Their dream came true in much-maligned Seattle, just two miles northwest of Amazonâs headquarters and a mile south of the apartment Elizabeth and Anton fled, on a hilltop haven overlooking the same urban landscape that oppressed her. One coupleâs ordeal is anotherâs idyll.
Millions of Americans moved during the last 18 months, many of them spurred or influenced by the pandemic. But these two reciprocal moves to and from Seattle point up just how personal such choices are, and how theyâre steered by individual circumstances. Amy and Andrew wanted a more urban setting; by selling the ranch house theyâd fixed up in San Jose, they could afford a Seattle that was out of reach for Elizabeth and Anton, who longed for the country anyway.
As these divergent moves also suggest, itâs perilous to seek simple patterns and easy takeaways in complex demographic processes such as Americansâ response to Covid-19. But the pandemic has reset the residential choices and aspirations of millions of Americans, in ways that will last long after the Covid-19 emergency recedes. Those millions of individual choices together add up to forces that can sustain, reshape â and sometimes unmake â cities and communities around the country.
In March 2020, as the novel coronavirus spreadÂ from its initial beachheads in the Seattle, San Francisco and New York areas, a dire meme also spread: Americans were fleeing en masse from crowded cities to the supposedly safer suburbs and countryside. Island communities fromÂ MaineÂ toÂ FloridaÂ closed bridges and raised road blocks to keep outsiders out.
Itâs tempting to draw early conclusions from incomplete data when something as dramatic as a pandemic intrudes. LinkedIn Newsâ editor was one of many to call it an âurban exodus.â The Washington Post announced the âGreat American Migration of 2020â and predicted that it âmight contain the seeds of a wholesale shift in where and how Americans live.â Even then-President Donald Trump weighed in from the debate podium. âNew York is a ghost town. … Itâs dying, everyone is leaving.â
Such sweeping statements were bound to elicit a counter-narrative. âThere isÂ not a widespread movement of people prospectingÂ to move out of urban areas,âÂ Bloomberg’s CityLab declaredÂ in September 2020. In April 2021 itÂ stated the caseÂ more boldly: âThere is no urban exodus; perhaps itâs more of anÂ urban shuffleâ â movement within and between metropolitan areas, rather than away from them.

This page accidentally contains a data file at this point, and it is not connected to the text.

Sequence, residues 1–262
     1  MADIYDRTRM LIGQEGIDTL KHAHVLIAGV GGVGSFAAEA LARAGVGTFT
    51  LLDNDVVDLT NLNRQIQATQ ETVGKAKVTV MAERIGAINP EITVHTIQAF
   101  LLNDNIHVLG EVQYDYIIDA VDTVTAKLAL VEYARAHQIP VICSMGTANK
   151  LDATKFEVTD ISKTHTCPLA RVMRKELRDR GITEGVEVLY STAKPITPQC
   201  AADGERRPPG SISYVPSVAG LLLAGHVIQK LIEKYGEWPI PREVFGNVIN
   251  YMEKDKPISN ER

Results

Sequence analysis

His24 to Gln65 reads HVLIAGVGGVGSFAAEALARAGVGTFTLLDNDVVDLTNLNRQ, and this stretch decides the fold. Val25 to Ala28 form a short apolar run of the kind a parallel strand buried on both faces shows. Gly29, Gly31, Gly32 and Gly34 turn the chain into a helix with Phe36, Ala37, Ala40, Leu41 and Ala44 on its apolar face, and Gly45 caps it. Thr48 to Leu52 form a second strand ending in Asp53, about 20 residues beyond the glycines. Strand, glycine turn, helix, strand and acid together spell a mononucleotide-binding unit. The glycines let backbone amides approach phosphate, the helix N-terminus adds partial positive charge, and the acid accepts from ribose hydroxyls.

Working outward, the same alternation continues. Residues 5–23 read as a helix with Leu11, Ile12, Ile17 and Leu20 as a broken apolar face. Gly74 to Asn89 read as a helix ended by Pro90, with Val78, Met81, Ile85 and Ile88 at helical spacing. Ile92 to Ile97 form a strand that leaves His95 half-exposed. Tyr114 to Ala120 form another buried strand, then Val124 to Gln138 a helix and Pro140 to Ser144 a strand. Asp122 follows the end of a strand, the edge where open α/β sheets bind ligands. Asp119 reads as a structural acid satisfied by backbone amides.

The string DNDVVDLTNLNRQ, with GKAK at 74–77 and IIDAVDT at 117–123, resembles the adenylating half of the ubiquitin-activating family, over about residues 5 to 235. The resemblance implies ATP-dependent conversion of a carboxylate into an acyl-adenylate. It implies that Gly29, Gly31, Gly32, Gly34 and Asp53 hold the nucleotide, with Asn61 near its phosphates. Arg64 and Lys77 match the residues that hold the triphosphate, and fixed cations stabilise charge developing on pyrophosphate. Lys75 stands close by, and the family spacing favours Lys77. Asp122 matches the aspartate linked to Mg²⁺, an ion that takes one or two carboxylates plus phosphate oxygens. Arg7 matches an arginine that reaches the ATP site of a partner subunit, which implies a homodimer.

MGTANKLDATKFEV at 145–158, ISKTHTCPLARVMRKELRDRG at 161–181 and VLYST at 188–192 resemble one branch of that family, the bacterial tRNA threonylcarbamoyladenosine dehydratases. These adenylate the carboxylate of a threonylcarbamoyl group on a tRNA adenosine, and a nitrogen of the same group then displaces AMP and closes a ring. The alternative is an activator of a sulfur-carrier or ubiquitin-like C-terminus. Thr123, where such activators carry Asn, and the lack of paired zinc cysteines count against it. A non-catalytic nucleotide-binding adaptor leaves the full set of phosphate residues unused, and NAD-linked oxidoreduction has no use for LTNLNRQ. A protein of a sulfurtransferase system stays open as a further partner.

But this conclusion also rested on some shaky foundations. Its first iteration relied on data from Apartment List; the renters it tracks may be more dependent on transit, more rooted to the sorts of fixed, lower-paying jobs deemed âessentialâ and less able to take advantage of remote working opportunities than homeowners. The second version cited census and postal data showing 84 percent of those moving from cities stayed in the same states, 7.5 percent of them in the same metropolitan areas, while 6 percent moved to other large metros and less than 1 percent left metro and micro urban areas altogether. But that tally left roughly 10 percent unaccounted for. And staying in the same state, even the same metro area, generally means radiating out to suburbs, exurbs, smaller towns and rural areas within metro counties.
It also turned out that some of the headline-grabbing early outflow was temporary â students at closed colleges and laid-off young workers returning home, affluent urbanites sheltering in beach cottages and second homes. And as Brookings Institution demographer William Frey noted this past May, plummeting immigration levels under the Trump administration had already depressed population growth in the large cities where immigrants tend to land. Then, in the words of Matt Mowell, a senior economist at the national real estate firm CBRE, âimmigration ground to a halt in 2020â under pandemic restrictions, contributing to steep population dips in New York and other immigration hubs.